Purple splotches on your cauliflower?

July 7, 2020

 

 

What you see: White cauliflower with some random purple patches in the branches and stem
What it is: Bonus colors from anthocyanins, common plant pigments
Eat or toss: Eat! This is harmless. In fact, anthocyanins are good for you!

 

The story:
I’ve never had the pleasure of encountering surprise purple patches in my cauliflower (credit for these photos goes to Ros E., of Washington, DC), but if I ever sliced into the crunchy veg and discovered a splash of purple akin to watercolor art, well, I’d consider myself lucky. 

 

First off, it’s so pretty! Second, it’s a harmless pigment misfire we can trace to the cauliflower’s genetics and possibly its environment. Third, these purple plant pigments—known as anthocyanins—are antioxidants, so this cauliflower is packing some bonus nutrition. (That is, if you manage to eat the pigments. Boil the cauliflower and the purple will dissolve away, leaving the veggie white or a little grayish.) 

 

Jim Myers, a vegetable breeder and horticulture professor at Oregon State University, told me that this is a common genetic fluke in cauliflower production. 

 

“Breeders select against it, but it always seems to be a little bit there,” he said. 

 

Why did the purple show up?
Some plants produce anthocyanins in certain areas if conditions are right. In this dissertation, Li Wei Chiu writes that high light exposure, nutrient deficiency, wounds and low temperatures have all been shown to trigger anthocyanin production. Indeed, Johnny’s Selected Seeds alerts buyers that all cauliflower, but especially a variety called Snow Crown, can develop purpling on the head undersides if fertility or moisture aren’t right. According to the Farmers Almanac, cauliflower can turn purple or pink if exposed to too much sunlight, weather fluctuations or poor soil fertility. Even age can play a role, the Almanac folks say. 

 

However, getting cauliflower to turn pretty colors isn’t as simple as exposing it to lots of light or fluctuating temperatures, or messing with its water intake. Generally, excess light will cause cauliflower to yellow, or take on a creamy or off-white cast, something growers avoid by making sure the leaves wrap around the head in the field. Myers said that he’s also seen purpling on the stems and branches of cauliflower that hadn’t endured any environmental stress, and that, when purpling is found on the inner branches, which would have been shaded, sunlight alone is an unlikely culprit. At the heart of the unexpected purple on Ros’s cutting board was probably a genetic predisposition to purpling. 

 

Some cauliflower is designed to be pretty colors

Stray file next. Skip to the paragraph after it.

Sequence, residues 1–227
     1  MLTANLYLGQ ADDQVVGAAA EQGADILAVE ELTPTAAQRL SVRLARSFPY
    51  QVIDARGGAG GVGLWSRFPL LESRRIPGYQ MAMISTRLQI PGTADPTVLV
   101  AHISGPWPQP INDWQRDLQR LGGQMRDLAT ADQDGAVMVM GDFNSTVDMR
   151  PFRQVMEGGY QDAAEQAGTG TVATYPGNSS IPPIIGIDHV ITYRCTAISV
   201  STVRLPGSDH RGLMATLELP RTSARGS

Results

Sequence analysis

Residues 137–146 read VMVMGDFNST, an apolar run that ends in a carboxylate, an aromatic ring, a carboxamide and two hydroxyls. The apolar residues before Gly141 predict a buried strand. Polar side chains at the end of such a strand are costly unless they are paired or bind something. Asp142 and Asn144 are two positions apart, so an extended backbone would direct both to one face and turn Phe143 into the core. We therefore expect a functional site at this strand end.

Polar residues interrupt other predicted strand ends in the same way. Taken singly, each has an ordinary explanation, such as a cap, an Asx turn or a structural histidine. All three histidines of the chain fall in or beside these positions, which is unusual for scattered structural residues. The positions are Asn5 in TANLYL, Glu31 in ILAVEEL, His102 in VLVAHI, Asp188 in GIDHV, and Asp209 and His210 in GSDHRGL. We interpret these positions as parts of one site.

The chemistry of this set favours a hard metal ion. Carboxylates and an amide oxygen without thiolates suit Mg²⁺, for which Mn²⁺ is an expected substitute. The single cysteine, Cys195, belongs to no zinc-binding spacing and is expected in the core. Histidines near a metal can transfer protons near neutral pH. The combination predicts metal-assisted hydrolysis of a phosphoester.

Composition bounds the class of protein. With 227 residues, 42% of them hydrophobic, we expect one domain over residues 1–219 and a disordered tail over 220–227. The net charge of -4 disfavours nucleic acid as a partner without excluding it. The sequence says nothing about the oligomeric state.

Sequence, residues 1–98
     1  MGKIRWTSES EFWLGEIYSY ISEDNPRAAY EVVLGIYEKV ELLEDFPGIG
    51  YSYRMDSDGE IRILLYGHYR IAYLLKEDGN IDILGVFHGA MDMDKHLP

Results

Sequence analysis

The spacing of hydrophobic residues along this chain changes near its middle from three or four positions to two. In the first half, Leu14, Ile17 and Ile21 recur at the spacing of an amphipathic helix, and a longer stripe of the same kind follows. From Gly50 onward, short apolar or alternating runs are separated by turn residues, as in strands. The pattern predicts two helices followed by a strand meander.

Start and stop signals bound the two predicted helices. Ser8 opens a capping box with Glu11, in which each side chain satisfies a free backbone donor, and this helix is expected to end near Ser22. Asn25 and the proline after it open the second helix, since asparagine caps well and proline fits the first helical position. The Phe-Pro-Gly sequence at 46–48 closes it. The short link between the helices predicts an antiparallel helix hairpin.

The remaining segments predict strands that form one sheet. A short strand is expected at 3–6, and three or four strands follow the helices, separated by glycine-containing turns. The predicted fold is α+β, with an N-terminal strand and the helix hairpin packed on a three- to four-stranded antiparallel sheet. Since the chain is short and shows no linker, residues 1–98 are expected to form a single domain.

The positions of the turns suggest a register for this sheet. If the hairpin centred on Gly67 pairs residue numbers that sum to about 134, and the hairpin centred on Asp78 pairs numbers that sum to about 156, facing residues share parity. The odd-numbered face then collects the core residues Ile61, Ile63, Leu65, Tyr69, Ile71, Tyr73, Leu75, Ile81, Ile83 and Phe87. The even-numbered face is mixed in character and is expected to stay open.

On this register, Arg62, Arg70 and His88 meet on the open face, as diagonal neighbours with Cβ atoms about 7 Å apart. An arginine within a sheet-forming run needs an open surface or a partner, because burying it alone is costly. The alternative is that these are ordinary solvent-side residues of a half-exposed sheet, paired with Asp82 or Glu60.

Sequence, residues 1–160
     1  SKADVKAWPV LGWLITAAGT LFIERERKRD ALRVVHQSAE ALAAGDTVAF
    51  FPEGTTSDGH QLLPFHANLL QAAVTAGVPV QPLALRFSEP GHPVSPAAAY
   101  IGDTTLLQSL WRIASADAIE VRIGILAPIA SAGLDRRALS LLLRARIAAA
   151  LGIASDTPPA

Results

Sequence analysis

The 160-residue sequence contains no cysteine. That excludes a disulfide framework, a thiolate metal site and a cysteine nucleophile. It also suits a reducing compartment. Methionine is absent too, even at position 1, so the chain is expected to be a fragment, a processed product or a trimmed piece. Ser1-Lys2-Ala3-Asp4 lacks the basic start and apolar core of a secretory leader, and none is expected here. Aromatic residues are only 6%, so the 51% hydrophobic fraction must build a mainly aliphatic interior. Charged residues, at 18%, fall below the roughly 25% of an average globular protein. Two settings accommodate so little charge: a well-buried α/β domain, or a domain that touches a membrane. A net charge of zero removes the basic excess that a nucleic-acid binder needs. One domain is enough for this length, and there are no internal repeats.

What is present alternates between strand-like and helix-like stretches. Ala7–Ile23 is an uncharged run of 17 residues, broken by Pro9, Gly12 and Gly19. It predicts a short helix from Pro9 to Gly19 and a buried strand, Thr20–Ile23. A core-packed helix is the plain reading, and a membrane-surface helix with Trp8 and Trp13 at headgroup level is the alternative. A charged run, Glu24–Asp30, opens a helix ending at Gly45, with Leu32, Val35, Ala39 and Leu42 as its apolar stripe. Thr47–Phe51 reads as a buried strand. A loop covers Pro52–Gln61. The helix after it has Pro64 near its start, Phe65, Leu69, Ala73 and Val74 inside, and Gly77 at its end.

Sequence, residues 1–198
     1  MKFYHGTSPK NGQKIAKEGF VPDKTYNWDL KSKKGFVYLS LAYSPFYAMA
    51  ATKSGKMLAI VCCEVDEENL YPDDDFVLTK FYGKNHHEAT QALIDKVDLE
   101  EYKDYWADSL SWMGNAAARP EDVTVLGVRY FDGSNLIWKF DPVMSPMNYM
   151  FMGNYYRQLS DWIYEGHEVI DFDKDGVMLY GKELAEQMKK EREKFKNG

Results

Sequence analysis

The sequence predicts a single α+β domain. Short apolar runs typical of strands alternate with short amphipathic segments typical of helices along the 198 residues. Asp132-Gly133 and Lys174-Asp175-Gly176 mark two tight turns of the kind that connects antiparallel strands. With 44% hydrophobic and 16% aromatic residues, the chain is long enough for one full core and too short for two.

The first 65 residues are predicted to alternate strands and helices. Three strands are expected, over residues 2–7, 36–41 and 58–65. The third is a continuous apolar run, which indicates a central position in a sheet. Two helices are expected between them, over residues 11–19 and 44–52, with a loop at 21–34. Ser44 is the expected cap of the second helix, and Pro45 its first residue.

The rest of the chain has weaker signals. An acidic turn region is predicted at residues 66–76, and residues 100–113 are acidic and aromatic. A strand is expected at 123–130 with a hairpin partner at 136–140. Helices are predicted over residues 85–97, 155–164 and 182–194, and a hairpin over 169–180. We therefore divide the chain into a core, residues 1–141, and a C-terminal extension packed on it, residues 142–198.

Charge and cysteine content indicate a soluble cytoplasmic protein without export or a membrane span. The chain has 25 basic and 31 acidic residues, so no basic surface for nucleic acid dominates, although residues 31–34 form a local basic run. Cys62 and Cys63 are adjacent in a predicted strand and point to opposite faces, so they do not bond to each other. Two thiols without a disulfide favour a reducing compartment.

When contemplating the purple plant art on your cauliflower, consider that some varieties are deliberately bred to be purple (these also come with fun names like Graffiti and Violet Queen). You may have also seen orange varieties, which pack extra beta-carotene, or green cauliflower, which gets its color from chlorophyll. According to the University of Minnesota Extension, these varieties require sunlight for their color to fully develop. Myers said that environmental stress will actually intensify the color of purple "Graffiti" cauliflower. 

 

 

 

SOURCES:
Jim Myers. Bagget-Frazier Vegetable Breeder Professor. Oregon State University. 

Snow Crown. (F1) Cauliflower Seed. Johnny’s Selected Seeds. 

Transposon Insertion At The Promoter Of A Myb Transcription Factor Results In Ectopic Anthocyanins Accumulation In Purple Cauliflower (Brassica Oleracea L Var. Botrytis). Li Wei Chiu February 2010. Dissertation. Presented to the Faculty of the Graduate School of Cornell University Snow Crown Hybrid Cauliflower Seed. Gurney’s Seed & Nursery Co. 
Growing Cauliflower: Planting, growing and harvesting cauliflower. Catherine Boeckmann. The Farmers’ Almanac. From Editors response to reader questions on March 27, 2015. 
The Many Colors of Cauliflower: Purple, Green, Orange, and White. Iowa State University Extension and Outreach. 
Growing cauliflower in home gardens. University of Minnesota Extension. Jill MacKenzie. Reviewed in 2018. 

 

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© 2020 by EatOrToss LLC

Content may not be duplicated without express written permission from EatOrToss LLC. All information posted on this blog is thoroughly researched, but is provided for reference and entertainment purposes only. For medical advice, please consult a doctor. Please see our terms